In Cornell’s first meeting with the Crimson, Morgan and Gettings did their damage as the rest of their team largely watched. The pair accounted for nearly 66 percent of Cornell’s points against Harvard in a season in which the juniors have combined for over 52 percent of their team’s scoring. Gettings has gone for 20 or more points nine times this season while Morgan has accomplished that feat on 17 different occasions. Needless to say, the matchup on Saturday will largely come down to how good of a job the Crimson does on stopping the Big Red’s dynamic duo. On the offensive side, Harvard will need more production out of its role players. Sophomore forwards Seth Towns and Chris Lewis combined for 13 field goals in Ithaca while the rest of the team had just 12.
Like Cornell, Columbia is near the top of the Ivy League on the offensive end. However, the Lions rely on their balance and are the more experienced of the two teams. Columbia coach Jim Engles has six players averaging over six points per game and 10 players logging over 10 minutes per contest. While sophomore guard Mike Smith is the team’s leading scorer (fourth in the Ivy with 17 points per game), he is far from the only scoring option for the Lions. Junior guard Quinton Adlesh led Columbia with 20 points in his team’s first meeting with Harvard while senior guard Kyle Castlin and junior forward Lukas Meisner chipped in 16 points apiece.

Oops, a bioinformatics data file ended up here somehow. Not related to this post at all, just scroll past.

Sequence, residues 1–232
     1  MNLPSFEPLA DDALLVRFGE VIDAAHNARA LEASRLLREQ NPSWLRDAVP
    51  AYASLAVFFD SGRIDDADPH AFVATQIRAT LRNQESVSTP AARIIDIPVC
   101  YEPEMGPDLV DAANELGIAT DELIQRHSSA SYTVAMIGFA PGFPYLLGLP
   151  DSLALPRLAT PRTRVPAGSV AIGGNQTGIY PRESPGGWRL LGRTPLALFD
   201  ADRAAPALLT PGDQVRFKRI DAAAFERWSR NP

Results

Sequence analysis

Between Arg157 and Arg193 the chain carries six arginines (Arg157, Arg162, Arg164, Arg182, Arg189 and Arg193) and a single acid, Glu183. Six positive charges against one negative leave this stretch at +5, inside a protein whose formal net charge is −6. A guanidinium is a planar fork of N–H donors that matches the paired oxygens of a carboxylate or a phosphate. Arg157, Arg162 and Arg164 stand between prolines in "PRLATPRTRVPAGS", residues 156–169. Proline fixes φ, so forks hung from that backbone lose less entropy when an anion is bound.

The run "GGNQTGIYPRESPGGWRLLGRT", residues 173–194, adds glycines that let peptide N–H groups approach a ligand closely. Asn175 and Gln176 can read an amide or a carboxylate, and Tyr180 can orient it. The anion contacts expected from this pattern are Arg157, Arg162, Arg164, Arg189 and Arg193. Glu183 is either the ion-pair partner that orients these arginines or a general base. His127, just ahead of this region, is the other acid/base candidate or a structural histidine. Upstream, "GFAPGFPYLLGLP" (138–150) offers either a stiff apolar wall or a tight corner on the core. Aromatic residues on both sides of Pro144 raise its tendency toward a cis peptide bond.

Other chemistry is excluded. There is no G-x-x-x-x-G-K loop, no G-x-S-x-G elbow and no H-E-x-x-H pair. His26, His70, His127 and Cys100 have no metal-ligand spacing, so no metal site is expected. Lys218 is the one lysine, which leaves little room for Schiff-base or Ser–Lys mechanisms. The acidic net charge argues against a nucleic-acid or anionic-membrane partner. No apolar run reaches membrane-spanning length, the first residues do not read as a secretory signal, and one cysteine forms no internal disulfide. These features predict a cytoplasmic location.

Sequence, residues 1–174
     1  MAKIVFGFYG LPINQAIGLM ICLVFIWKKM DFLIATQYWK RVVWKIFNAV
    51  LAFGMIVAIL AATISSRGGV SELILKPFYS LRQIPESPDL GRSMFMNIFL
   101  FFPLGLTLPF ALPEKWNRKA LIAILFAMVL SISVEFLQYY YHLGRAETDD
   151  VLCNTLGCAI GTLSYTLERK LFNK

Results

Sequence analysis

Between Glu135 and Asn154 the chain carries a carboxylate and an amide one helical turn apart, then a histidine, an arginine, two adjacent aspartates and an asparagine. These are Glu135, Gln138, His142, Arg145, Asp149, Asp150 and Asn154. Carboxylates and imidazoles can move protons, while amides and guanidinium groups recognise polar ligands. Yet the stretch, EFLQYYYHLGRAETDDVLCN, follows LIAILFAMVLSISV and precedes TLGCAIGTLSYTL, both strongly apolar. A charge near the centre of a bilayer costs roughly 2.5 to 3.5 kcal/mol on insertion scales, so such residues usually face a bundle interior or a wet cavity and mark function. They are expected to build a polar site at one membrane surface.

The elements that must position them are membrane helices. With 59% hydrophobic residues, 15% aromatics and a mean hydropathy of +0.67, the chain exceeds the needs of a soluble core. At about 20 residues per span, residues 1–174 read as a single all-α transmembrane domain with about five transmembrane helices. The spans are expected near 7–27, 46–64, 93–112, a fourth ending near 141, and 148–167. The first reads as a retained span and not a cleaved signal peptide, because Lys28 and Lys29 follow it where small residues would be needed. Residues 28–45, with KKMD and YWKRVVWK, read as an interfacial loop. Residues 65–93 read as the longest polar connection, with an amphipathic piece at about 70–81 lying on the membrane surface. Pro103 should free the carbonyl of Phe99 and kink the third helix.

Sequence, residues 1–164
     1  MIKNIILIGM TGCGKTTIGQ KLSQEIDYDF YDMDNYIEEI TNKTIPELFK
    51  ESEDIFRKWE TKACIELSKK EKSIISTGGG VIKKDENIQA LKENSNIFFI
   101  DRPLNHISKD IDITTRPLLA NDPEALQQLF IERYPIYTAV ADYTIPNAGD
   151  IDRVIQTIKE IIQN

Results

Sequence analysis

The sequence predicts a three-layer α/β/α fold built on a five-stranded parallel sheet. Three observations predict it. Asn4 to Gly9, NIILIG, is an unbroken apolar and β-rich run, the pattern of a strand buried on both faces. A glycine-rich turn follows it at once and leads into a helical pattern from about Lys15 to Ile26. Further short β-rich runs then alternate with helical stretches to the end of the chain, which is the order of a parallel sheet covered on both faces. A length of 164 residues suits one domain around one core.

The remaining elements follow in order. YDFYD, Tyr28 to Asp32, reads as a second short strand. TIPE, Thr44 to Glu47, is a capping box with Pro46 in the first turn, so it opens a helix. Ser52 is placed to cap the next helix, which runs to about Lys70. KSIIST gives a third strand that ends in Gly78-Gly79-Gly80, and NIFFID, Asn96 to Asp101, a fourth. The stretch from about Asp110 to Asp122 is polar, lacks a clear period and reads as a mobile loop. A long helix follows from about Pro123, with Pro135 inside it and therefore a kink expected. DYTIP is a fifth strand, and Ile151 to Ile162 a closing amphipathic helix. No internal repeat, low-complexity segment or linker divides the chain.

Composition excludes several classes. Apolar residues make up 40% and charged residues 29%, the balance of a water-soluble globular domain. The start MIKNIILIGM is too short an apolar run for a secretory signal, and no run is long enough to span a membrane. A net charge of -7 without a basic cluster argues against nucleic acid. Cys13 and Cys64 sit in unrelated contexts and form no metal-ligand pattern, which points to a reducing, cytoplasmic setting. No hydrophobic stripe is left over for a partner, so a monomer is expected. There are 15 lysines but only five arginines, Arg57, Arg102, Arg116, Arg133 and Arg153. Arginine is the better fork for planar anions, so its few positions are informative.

Columbia is the second-best three-point shooting team in the conference and has the second-lowest turnover rate in the Ancient Eight. In its first matchup with the Crimson, the Lions were able to capitalize on the skill of their imposing frontcourt. Sophomore Patrick Tape, Columbia’s starting center, is one of the few Ivy League centers who has a height advantage on Lewis while Meisner, who averages almost 12 points a game, has an inch on Towns. Although Towns went for a career-high 31 points against the Lions back in February, Columbia was able to hold the rest of Harvard’s roster to 15-of-42 shooting from the field. Lewis was particularly quiet, finishing with just seven points, his second-lowest output in a conference game this season, and the Crimson relied heavily on its three-point shooting.